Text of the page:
Seismograms: Illustrated Guide to Reading a Seismogram (USGS)

Ever wondered how to read the data on a seismogram? 

This playful animation created for the general public by the USGS describes what a seismogram is, how they are recorded and what to look for in the seismic traces recorded on a seismometer.

Seismometers measure vibrations. More vibration = more wiggle. Some seismometers measure only up and down. Sometimes, they shake too much and data are off-scale. Some seismometers record in all three dimensions. Many webicorders display 15 minutes per line, alternating colors as time passes. Plots are automatically updated every few minutes.

 This animation was used with permission from the United States Geological Survey (USGS), and can also be downloaded from their site.


Keypoints:

Seismometers record anything that can make the ground vibrate:

  • Earthquakes,
  • Explosions,
  • Helicopters,
  • Ocean waves,
  • Traffic and trains
  • People and animals
  • Wind.

Total Time: 4min 26s
Level: Novice

88MB

Optional Files 1
Share it

Related Animations

Seismic waves travel through the earth to a single seismic station. Scale and movement of the seismic station are greatly exaggerated to depict the relative motion recorded by the seismogram as P, S, and surface waves arrive.

Animation Novice

We use exaggerated motion of a building (seismic station) to show how the ground moves during an earthquake, and why it is important to measure seismic waves using 3 components: vertical, N-S, and E-W. Before showing an actual distant earthquake, we break down the three axes of movement to clarify the 3 seismograms. 

Animation Novice

A cow and a tree in this narrated cartoon for fun and to emphasize that seismic waves traveling away from an earthquake occur everywhere, not just at seismic stations A, B, C, and D. A person would feel a large earthquake only at station A near the epicenter. Stations B, C, D, and the cow are too far from the earthquake to feel the seismic waves though sensitive equipment records their arrival.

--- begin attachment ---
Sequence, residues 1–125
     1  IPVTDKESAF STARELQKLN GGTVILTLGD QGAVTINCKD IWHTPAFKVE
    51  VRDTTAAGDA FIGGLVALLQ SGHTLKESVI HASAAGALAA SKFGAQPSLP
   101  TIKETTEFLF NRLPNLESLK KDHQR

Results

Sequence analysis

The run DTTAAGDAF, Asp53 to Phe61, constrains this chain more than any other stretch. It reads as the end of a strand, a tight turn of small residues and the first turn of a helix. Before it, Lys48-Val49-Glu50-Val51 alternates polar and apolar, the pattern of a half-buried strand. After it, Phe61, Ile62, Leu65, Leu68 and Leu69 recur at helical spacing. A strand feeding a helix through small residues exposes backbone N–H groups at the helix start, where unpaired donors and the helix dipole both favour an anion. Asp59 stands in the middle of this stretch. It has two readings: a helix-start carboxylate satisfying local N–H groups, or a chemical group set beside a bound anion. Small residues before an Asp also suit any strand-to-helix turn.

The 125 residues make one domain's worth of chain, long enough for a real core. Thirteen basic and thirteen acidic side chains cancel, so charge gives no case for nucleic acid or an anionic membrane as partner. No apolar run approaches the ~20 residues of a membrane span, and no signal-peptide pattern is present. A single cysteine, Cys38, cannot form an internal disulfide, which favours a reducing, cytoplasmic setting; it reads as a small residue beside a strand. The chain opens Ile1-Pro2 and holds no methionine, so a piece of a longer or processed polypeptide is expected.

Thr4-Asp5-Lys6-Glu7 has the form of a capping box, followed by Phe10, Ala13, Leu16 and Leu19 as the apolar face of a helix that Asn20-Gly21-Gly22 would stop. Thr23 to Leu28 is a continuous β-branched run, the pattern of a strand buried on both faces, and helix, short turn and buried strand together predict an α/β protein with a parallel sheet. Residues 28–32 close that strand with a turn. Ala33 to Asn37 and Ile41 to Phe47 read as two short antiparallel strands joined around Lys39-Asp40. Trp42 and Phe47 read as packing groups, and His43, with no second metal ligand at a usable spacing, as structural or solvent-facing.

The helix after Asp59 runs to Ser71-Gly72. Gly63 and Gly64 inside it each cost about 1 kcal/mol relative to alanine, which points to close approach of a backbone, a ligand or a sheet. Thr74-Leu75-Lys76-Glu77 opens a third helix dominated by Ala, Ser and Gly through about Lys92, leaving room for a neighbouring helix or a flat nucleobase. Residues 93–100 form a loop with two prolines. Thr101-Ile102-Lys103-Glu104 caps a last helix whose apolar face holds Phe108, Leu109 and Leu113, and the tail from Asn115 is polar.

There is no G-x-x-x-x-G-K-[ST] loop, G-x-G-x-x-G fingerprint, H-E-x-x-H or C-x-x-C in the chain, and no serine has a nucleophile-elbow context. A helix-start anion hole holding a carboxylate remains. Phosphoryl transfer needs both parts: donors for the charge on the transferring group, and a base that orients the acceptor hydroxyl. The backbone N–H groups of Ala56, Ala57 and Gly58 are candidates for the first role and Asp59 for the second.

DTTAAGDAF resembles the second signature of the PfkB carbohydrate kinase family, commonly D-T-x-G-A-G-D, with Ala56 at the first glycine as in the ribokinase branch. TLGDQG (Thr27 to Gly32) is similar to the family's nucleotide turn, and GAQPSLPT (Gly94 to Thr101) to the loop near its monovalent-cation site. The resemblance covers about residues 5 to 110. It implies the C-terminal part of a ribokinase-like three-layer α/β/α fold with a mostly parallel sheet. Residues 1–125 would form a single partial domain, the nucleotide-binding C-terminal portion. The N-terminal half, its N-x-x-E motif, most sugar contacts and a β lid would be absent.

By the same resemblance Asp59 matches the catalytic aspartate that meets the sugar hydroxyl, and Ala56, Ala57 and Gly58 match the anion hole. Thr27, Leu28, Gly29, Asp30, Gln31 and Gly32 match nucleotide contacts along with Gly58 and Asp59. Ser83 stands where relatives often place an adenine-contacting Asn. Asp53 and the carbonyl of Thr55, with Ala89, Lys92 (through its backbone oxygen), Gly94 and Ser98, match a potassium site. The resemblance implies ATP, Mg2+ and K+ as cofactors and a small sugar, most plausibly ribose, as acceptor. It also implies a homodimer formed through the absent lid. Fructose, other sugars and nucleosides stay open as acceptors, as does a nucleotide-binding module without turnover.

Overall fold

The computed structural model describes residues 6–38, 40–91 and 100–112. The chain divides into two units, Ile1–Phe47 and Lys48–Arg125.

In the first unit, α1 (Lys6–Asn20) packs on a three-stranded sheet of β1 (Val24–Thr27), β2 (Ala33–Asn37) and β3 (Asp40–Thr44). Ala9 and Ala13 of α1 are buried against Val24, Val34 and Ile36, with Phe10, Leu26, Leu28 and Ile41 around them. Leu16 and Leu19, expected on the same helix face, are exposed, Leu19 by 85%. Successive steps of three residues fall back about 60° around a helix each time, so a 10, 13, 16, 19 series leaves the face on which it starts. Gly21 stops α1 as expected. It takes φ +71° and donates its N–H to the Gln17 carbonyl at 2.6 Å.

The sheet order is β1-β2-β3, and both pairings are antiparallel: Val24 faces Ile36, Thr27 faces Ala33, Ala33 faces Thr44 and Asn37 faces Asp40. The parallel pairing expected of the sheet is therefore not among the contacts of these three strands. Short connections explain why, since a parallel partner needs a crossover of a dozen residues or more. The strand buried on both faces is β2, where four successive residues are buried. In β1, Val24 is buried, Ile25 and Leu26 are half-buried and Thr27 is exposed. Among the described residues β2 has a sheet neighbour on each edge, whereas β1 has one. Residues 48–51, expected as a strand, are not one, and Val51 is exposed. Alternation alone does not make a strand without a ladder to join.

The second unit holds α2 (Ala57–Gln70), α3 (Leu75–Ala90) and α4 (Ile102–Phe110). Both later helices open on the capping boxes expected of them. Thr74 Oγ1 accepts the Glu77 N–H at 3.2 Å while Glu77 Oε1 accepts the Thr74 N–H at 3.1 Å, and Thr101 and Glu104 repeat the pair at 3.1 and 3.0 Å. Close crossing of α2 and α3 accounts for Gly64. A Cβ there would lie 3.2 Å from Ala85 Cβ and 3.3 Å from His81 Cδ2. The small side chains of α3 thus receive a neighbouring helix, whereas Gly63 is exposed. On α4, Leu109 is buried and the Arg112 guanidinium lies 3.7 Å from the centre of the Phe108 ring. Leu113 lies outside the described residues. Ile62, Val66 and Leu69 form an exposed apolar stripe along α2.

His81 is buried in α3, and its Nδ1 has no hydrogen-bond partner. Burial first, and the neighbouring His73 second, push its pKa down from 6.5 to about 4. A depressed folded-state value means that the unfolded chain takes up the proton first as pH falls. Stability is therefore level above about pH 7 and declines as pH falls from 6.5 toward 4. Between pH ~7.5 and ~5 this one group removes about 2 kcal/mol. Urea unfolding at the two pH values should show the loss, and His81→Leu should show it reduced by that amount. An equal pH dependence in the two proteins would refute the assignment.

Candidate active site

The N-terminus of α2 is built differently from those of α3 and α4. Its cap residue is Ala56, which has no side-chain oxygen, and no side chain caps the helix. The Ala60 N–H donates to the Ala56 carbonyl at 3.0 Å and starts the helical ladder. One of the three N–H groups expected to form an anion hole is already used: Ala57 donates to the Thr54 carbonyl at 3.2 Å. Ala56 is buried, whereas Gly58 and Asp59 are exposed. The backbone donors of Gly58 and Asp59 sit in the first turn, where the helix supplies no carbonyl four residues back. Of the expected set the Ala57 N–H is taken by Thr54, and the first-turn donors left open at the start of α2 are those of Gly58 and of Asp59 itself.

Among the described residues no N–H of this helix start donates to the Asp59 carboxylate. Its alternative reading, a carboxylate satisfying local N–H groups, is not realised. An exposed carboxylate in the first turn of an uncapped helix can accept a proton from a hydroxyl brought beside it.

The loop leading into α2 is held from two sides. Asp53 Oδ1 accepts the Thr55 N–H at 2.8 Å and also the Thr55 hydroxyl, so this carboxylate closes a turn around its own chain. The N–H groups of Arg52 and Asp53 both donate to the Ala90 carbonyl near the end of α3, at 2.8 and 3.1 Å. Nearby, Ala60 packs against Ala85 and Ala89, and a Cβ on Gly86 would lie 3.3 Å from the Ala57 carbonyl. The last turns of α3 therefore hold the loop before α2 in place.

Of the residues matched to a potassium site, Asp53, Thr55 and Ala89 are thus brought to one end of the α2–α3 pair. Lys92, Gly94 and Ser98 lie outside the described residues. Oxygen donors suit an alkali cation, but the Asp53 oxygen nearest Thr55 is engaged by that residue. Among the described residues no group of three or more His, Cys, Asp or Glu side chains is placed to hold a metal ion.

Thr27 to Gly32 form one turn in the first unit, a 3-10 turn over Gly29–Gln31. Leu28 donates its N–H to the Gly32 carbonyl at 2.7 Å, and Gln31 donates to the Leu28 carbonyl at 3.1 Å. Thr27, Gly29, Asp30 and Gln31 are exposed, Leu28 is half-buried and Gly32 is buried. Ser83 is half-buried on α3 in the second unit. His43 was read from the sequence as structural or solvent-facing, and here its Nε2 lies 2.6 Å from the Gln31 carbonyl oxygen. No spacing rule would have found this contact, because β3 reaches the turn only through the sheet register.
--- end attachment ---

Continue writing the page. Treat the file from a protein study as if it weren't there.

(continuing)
Animation Novice

This companion to the animation "Four-Station Seismograph network"  shows the arrival of seismic waves through select wave paths through the Earth (P and S waves) and over the surface of the Earth. The movement at distant stations occurs at a microscopic scale. While that doesn't result in noticeable movements of the buildings, the arrivals are recorded on sensitive seismometers.

Animation Novice

Seismograms of common events are compiled to show the different seismic signals recorded by ground-shaking events. Seismograms can record everything from nearby earthquakes to earthquakes on the other side of the world, plus anything that shakes the ground near the seismograph station like people walking, elk running, rocks falling and helicopters landing.

Animation Novice

Related Videos

Related Software-Web-Apps

The IRIS Earthquake Browser (IEB) is an interactive map for exploring millions of seismic event epicenters (normally earthquakes) on a map of the world. Selections of up to 5000 events can also be viewed in 3D and freely rotated with the 3D Viewer companion tool.

Software-Web-App Novice

Seismic Waves is a browser-based tool to visualize the propagation of seismic waves from historic earthquakes through Earth’s interior and around its surface. Easy-to-use controls speed-up, slow-down, or reverse the wave propagation. By carefully examining these seismic wave fronts and their propagation, the Seismic Waves tool illustrates how earthquakes can provide evidence that allows us to infer Earth’s interior structure.

Software-Web-App Novice

jAmaSeis is a free, java-based program that allows users to obtain and display seismic data in real-time from either a local instrument or from remote stations.

Software-Web-App Intermediate